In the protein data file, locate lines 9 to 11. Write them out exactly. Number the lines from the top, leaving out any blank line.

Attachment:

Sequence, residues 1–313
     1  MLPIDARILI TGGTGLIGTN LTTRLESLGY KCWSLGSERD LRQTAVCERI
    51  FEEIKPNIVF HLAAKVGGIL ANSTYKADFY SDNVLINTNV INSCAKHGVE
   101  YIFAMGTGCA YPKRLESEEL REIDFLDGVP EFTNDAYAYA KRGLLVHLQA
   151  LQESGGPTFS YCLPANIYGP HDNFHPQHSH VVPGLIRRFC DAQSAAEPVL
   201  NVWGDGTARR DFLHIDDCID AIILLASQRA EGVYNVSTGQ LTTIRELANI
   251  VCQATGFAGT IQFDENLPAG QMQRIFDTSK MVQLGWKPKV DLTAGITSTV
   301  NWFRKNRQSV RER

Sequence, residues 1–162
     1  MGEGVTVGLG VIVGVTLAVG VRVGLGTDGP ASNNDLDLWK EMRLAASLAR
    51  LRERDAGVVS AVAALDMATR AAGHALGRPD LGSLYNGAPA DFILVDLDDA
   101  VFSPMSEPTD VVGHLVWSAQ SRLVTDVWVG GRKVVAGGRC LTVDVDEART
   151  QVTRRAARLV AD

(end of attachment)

Sequence, residues 1–162
     1  MGEGVTVGLG VIVGVTLAVG VRVGLGTDGP ASNNDLDLWK EMRLAASLAR
    51  LRERDAGVVS AVAALDMATR AAGHALGRPD LGSLYNGAPA DFILVDLDDA